The Power of “The Dad Joke”

happy pirate familyMy daughters have accused me of telling “Dad jokes.” I don’t know what they’re talking about. Even some of their friends have accused me of telling dad jokes. I asked for clarification of the “Dad joke” and knew their answer could not describe my jokes…”lame,” “silly,” “sarcastic,” “uncool.” Well, maybe I do that once in a while, but is that really so bad?  “No,” my daughters reply as they roll their eyes. “Keep it up, they’re stupid.” So confusing…lame, silly, even stupid and uncool yet embraced, laughed at, and asked to continue. I really don’t know what they’re talking about. But, it did make me think about “the Dad joke.” I think the Dad joke really carries a great deal of power. By the way, what happened when the cow jumped over the fence? I heard it was an udder disaster.

 

Dad jokes teach children to use humor when navigating the world of disappointment and momentary failures. Dad jokes help set the stage for seeing the disappointing situation in a fresh way and then thinking about the problem in a new way. Like the father whose son was thrown out at third. The father tells him, “That’s because it takes longer to get from 2nd to 3rd than it does from 1st to 2nd. There’s that shortstop in between.” Suddenly, the disappointment is a little less painful.

 

Dad jokes also help our children cope with fear. Mom and Dad can comfort, but sometimes it’s the Dad joke (“don’t worry about seven, he eight nine and is full now”) on the way out the door that makes children smile and lay down to sleep.

 

Dad jokes also nurture intimacy and connection. Laughing together bonds people…and it’s just plain fun. Who doesn’t like to have fun together? And what parent does not crave moments of laughter with their children? By the way, no running in your campsite. Why? Because you can only “ran” when it’s past tense.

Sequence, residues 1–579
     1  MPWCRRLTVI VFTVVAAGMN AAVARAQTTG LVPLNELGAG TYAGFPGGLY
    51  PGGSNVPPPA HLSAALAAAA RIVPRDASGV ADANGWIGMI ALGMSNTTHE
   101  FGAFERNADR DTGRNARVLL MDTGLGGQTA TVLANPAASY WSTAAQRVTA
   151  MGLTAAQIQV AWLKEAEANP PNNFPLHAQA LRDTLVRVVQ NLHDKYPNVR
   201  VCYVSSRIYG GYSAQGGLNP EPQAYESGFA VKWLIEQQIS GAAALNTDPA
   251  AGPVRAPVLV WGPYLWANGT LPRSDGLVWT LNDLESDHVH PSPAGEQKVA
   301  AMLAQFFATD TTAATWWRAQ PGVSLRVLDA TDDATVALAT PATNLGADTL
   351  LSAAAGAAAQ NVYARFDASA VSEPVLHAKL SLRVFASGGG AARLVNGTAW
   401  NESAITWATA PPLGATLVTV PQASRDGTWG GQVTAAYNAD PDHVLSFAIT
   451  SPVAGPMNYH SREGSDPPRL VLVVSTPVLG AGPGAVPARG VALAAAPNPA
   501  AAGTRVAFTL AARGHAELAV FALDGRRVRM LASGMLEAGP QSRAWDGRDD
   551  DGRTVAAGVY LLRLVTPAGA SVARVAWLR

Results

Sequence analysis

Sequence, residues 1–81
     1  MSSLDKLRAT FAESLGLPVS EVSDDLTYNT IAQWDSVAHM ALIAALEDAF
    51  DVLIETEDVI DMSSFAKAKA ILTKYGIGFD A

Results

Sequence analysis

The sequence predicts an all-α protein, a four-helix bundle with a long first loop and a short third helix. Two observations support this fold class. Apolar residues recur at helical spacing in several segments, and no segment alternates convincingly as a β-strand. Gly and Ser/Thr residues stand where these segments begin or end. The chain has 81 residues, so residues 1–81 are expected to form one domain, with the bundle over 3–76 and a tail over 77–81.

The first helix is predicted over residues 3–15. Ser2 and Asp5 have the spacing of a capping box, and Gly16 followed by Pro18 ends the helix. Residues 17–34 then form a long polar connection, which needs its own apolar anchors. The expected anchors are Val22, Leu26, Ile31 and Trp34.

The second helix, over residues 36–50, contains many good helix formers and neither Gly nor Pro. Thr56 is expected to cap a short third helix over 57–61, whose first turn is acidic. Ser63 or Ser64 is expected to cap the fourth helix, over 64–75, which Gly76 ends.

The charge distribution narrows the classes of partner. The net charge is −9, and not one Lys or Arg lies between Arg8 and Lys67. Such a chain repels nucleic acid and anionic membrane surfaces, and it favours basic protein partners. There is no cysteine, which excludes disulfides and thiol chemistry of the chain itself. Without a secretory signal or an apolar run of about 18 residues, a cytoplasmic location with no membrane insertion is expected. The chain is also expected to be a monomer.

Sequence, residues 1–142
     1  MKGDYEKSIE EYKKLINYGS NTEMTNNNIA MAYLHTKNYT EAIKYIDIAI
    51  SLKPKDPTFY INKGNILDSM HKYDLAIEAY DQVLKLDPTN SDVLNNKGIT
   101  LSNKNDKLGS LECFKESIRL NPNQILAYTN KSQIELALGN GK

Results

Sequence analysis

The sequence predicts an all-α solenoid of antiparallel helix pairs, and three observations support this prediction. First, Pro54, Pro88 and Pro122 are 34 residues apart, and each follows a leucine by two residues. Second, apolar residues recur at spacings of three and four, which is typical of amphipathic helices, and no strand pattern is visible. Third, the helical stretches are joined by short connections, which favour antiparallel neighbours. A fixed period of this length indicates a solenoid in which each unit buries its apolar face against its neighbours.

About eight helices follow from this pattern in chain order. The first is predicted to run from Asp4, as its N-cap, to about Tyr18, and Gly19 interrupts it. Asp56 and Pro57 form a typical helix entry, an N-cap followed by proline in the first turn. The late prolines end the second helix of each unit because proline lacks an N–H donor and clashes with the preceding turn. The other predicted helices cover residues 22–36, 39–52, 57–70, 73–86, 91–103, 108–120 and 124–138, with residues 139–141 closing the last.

Dad jokes lighten the moment and make time go faster, building anticipation. In our family we pass a cemetery as we near our church camp. Knowing my children need to learn a little about death, I seize the teaching moment to announce, “People are dying to get in there” and point at the cemetery. Amidst the “Aww Dad” and groans, I hear a chuckle. I recognize a new spark in the voice and hear a response that acknowledges, “We’re almost there, yay.”

 

Dad jokes help our children see things from a fresh perspective, too. They help our children think about words and communication. After all, many Dad jokes are simply a play on words or a pun that force us think and see the situation in a slightly different way. To hear “A steak pun is a rare medium well done” encourages the listener to think about the meaning of words and how context impacts that meaning. These skills are important in social interactions and business interactions later in life.

 

Dad jokes also help our children see the irony of situations and, in turn, they encourage critical thinking. “I asked a salesperson in the local bookstore where the self-help section was. She said if she told me it would defeat the purpose.” Think about it…the irony, the critical thought…aha, there’s the laugh.

 

So, I guess I don’t mind being accused of a Dad joke now and again. Every Dad joke is just a moment of learning, bonding, growing, and sharing. So what’s your favorite Dad joke?

  • We’re going for a walk. Don’t go running. I want to be Roman, not Russian, on this walk. Slow down.
  • “Dad I want hands-free on my phone.” “Then delete all the Germans from your contact list.” “What?” “Then you’ll be Hans free.”
  • I heard the energizer bunny got arrested. He was charged with battery. (It keeps on going and going.)
  • Why can’t you hear a pterodactyl go to the bathroom? Cuz its “p” is silent.
  • How do you make a hankie dance? Put a little boogie in it. Now blow your nose.

Enjoy Jimmy Fallon’s favorite Dad jokes from #StopItDad.

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